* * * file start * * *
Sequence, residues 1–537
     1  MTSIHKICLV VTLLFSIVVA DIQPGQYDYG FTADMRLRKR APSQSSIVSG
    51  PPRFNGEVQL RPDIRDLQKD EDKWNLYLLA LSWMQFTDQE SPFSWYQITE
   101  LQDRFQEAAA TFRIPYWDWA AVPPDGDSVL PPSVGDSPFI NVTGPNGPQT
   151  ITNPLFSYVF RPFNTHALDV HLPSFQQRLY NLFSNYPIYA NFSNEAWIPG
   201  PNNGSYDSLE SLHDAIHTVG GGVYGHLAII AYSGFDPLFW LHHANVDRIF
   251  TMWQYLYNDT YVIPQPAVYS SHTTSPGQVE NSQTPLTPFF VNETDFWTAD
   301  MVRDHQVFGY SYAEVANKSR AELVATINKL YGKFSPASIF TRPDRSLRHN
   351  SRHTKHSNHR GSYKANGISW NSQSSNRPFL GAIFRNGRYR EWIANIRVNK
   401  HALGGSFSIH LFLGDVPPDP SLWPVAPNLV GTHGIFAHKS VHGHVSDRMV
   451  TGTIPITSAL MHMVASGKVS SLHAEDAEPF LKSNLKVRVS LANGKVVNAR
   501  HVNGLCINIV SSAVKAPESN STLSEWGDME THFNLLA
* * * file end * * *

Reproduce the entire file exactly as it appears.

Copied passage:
Sequence, residues 1–537
     1  MTSIHKICLV VTLLFSIVVA DIQPGQYDYG FTADMRLRKR APSQSSIVSG
    51  PPRFNGEVQL RPDIRDLQKD EDKWNLYLLA LSWMQFTDQE SPFSWYQITE
   101  LQDRFQEAAA TFRIPYWDWA AVPPDGDSVL PPSVGDSPFI NVTGPNGPQT
   151  ITNPLFSYVF RPFNTHALDV HLPSFQQRLY NLFSNYPIYA NFSNEAWIPG
   201  PNNGSYDSLE SLHDAIHTVG GGVYGHLAII AYSGFDPLFW LHHANVDRIF
   251  TMWQYLYNDT YVIPQPAVYS SHTTSPGQVE NSQTPLTPFF VNETDFWTAD
   301  MVRDHQVFGY SYAEVANKSR AELVATINKL YGKFSPASIF TRPDRSLRHN
   351  SRHTKHSNHR GSYKANGISW NSQSSNRPFL GAIFRNGRYR EWIANIRVNK
   401  HALGGSFSIH LFLGDVPPDP SLWPVAPNLV GTHGIFAHKS VHGHVSDRMV
   451  TGTIPITSAL MHMVASGKVS SLHAEDAEPF LKSNLKVRVS LANGKVVNAR
   501  HVNGLCINIV SSAVKAPESN STLSEWGDME THFNLLA